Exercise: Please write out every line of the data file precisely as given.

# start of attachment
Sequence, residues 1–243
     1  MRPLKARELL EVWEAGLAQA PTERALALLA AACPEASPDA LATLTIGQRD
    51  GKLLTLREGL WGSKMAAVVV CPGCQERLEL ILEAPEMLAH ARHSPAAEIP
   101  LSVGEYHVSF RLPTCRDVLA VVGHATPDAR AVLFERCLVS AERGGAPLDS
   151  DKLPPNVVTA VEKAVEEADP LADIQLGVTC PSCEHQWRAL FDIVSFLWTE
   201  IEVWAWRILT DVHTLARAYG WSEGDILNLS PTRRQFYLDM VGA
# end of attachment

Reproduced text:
Sequence, residues 1–243
     1  MRPLKARELL EVWEAGLAQA PTERALALLA AACPEASPDA LATLTIGQRD
    51  GKLLTLREGL WGSKMAAVVV CPGCQERLEL ILEAPEMLAH ARHSPAAEIP
   101  LSVGEYHVSF RLPTCRDVLA VVGHATPDAR AVLFERCLVS AERGGAPLDS
   151  DKLPPNVVTA VEKAVEEADP LADIQLGVTC PSCEHQWRAL FDIVSFLWTE
   201  IEVWAWRILT DVHTLARAYG WSEGDILNLS PTRRQFYLDM VGA